The Sipekne’katik First Nation has filed a court action against the Attorney General of Nova Scotia to challenge a provincial regulation on purchasing fish products, saying it’s unconstitutional.
This regulation orders that any fish products sold in Nova Scotia must be caught and registered under a commercial licence with the Department of Fisheries.
“The regulation places a legal limitation on the Mi’kmaq people and the community members of Sipekne’katik to fish and trade in support of a moderate livelihood,” Sipekne’katik said in a release on Wednesday.
The Sipekne’katik First Nation launched its moderate livelihood lobster fishery in September 2020, exercising a treaty right to fish or hunt for a “moderate livelihood.”
It was a right recognized by the Supreme Court of Canada’s 1999 Marshall decision.
Though the term “moderate livelihood” was not formally defined by the court, a subsequent decision ruled that the government has the authority to impose some regulations for the purposes of conservation, subject to nation-to-nation consultations.
But in the 21 years since the Marshall decision was handed down, those negotiations have never occurred and the Sipekne’katik First Nation has argued that the DFO’s failure means their fishery is permissible.
Commercial fishers in Nova Scotia have insisted that the moderate livelihood fisheries are illegal and should not be operating outside of the regulated season as they pose a danger to conservation efforts and the long-term health of the lobster stock in the region.
However, First Nations and conservation biologists in the province have disagreed, saying there is no significant conservation risk when it comes to the Indigenous fishery.
One biologist at Dalhousie University told Global News back in October that the launch of the moderate livelihood fishery likely won’t make a dent in the long-term conservation of lobster stock.
“The scale of this new commercial fishery is so small they shouldn’t be concerned for the conservation of lobster,” said Aaron MacNeil, an associate professor in Dalhousie University’s biology department and Canada Research Chair in Fisheries Ecology.
“There’s nobody that would say that this is a risk to conservation of lobster.”
Sipekne’katik has since been joined by the Pictou Landing First Nation and the Potlotek First Nation in Cape Breton. Other bands, such as the Bear River and Membertou First Nations, have declared intentions to launch their own moderate livelihood fisheries.
In Wednesday’s release, Chief Mike Sack recognizes the need for conservation, and says the community has a tracking and tagging plan to regulate stock
“We represent less than 1% of what is caught in St. Mary’s Bay and LFA 34 and we’ve shared our management plan which includes a tracking and tagging system that was regularly subject to DFO inspections,” he said.
“We understand the need to collaborate to ensure that the health of the species is monitored and observed by all active fishers.”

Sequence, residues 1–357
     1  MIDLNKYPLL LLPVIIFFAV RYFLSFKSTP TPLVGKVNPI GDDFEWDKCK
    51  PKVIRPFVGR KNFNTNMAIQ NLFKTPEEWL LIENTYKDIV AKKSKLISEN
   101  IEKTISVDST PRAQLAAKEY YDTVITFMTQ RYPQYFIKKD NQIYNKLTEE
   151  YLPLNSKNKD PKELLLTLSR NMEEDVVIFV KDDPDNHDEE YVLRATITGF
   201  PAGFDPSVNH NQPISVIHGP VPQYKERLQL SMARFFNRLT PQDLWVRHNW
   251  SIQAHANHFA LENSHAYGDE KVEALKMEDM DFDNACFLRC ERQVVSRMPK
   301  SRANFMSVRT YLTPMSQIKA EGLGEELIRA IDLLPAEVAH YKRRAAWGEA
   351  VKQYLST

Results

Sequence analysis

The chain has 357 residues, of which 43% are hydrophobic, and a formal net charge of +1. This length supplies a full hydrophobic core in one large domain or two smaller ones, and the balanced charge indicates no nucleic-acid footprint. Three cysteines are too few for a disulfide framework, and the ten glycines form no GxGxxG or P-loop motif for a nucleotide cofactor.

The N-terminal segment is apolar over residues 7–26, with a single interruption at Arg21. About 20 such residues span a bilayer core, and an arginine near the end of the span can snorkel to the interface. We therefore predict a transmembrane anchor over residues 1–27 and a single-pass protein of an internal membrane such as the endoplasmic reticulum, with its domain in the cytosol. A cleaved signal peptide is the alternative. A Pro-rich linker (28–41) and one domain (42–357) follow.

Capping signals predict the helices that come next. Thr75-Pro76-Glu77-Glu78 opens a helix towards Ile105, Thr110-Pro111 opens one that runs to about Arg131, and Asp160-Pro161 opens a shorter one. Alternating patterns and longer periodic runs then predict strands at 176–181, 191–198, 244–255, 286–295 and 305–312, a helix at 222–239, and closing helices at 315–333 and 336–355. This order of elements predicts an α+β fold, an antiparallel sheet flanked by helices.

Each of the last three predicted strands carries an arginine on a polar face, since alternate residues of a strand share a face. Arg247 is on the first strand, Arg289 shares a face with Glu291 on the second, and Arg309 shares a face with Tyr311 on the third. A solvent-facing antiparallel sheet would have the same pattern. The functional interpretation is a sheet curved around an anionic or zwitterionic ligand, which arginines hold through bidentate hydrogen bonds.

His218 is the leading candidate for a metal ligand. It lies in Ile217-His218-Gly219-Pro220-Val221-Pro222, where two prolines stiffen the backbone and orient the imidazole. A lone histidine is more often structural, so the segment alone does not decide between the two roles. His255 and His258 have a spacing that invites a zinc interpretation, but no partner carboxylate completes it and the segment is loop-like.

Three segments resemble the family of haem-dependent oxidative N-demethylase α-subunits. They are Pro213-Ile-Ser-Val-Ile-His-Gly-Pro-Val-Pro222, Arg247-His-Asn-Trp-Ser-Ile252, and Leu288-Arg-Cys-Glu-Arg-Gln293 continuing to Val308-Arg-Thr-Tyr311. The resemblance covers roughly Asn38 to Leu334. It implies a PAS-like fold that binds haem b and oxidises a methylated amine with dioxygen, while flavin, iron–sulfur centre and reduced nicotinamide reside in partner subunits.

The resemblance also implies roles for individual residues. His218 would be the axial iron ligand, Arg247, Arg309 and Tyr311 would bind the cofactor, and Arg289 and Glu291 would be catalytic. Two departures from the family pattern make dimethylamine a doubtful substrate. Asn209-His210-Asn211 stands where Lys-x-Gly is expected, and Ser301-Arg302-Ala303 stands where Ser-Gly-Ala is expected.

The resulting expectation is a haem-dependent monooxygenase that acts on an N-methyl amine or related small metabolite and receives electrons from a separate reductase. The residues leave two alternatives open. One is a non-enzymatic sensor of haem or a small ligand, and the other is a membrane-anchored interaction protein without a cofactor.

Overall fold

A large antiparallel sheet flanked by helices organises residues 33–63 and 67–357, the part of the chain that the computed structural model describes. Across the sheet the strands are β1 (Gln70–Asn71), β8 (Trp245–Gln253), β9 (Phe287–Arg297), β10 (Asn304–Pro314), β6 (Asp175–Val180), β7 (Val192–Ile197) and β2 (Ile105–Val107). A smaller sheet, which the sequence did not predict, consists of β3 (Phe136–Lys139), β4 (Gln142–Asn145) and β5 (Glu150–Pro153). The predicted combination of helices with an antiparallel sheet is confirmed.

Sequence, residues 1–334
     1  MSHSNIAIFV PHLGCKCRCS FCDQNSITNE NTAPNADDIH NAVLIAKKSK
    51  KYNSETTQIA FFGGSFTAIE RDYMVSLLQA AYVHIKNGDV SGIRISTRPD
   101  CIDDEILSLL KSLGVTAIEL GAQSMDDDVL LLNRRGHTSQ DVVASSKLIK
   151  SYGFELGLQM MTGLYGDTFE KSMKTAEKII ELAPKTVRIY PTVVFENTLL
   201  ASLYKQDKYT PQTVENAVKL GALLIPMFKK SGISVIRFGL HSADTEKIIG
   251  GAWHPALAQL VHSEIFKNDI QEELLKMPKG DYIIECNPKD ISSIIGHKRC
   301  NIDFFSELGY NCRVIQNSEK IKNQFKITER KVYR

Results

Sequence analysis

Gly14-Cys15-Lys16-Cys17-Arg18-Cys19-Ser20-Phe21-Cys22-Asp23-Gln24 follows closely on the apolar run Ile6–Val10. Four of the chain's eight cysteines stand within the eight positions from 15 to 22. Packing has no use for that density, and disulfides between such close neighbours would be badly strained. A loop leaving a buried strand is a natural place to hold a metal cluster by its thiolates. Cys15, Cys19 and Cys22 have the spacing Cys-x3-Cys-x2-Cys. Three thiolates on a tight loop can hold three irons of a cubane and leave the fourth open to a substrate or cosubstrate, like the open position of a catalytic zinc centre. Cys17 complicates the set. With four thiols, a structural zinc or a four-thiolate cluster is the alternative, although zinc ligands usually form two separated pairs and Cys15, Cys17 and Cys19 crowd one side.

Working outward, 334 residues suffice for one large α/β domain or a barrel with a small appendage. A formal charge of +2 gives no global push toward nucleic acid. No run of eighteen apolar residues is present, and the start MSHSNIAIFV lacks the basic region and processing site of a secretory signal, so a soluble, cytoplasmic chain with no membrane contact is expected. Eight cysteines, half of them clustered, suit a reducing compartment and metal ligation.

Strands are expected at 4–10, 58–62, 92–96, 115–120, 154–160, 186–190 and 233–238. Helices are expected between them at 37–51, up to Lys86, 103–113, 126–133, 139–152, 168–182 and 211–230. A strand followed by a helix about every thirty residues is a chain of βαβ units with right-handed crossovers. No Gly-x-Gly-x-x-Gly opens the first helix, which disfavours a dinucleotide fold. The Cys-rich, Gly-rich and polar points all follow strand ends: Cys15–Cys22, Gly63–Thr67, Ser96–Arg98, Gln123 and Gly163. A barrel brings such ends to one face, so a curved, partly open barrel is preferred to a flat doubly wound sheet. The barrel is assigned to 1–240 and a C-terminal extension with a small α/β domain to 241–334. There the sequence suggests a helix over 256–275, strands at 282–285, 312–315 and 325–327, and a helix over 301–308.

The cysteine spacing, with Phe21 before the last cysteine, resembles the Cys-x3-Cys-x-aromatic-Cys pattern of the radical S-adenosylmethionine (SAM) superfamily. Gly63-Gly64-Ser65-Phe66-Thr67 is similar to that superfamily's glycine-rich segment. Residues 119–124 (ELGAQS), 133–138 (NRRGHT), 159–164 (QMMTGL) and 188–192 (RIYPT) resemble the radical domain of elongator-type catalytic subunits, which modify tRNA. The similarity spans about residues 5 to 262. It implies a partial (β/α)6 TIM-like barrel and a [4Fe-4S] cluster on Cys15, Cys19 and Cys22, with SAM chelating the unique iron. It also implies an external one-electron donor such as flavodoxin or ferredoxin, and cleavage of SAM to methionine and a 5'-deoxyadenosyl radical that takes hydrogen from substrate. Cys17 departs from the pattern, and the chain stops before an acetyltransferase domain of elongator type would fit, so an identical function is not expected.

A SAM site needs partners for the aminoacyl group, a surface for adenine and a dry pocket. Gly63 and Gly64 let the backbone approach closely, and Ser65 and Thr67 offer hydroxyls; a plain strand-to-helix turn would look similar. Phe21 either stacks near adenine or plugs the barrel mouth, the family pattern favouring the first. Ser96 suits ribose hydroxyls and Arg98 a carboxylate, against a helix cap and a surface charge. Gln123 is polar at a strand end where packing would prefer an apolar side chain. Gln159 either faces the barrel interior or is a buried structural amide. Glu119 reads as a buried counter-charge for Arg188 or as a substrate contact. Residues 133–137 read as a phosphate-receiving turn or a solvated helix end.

Chief Sack now says his community will not go another year without asserting its rights and allowing Indigenous fishers to independently provide for their families.
“The fact that the Provincial and Federal regulations do not correlate is not our problem to solve yet here we are filing court papers,” Sack said in this morning’s release.
“We are more resolved than ever to bring this to court as we have lost so much in the face of the violence and economic racism aimed at us from the commercial fishery throughout the fall.”
The opposition to moderate livelihood fisheries was initially constrained to heated words and the vandalization or seizure of fishing lines but violence escalated in October.
The incidents culminated on Oct. 13, with mobs of around 200 people swarming two lobster pounds in southwestern Nova Scotia.
At a facility in New Edinburgh, N.S., the crowd removed and damaged video cameras then ransacked the lobster pound and storage facility where the lobster catch was to be housed.
Later that night, the same thing occurred at a lobster pound in Middle West Pubnico, N.S.
Jason Marr, a fisher who feared for his life while stuck inside one of the pounds during the attack, told Global News an estimated $40,000 in lobster catch was damaged in the incidents.
Since then, DFO’s proposed nation-to-nation discussion did not have the outcome Sipekne’katik hoped for, and Chief Sack announced upcoming lawsuits late last year.
Wednesday’s release says a confirmation of a court-filed action against the attorney general was received by the band’s counsel, Pink Larkin, late Tuesday.
“It is an absolute necessity for our community members to make a living from the resources we have a Treaty Right to this coming season,” said Chief Sack in the release. “We can no longer be lost in the bureaucracy of contradictory double speak of the Provincial and Federal governments.”
The court action asks the court to declare that prohibitions against buying fish from Mi’kmaq, fishing outside of DFO’s commercial licence regime, and prohibiting Mi’kmaq to moderately fish outside of the commercial season, are unconstitutional and contrary to Treaty Rights.
— With files from Alexander Quon and Graeme Benjamin.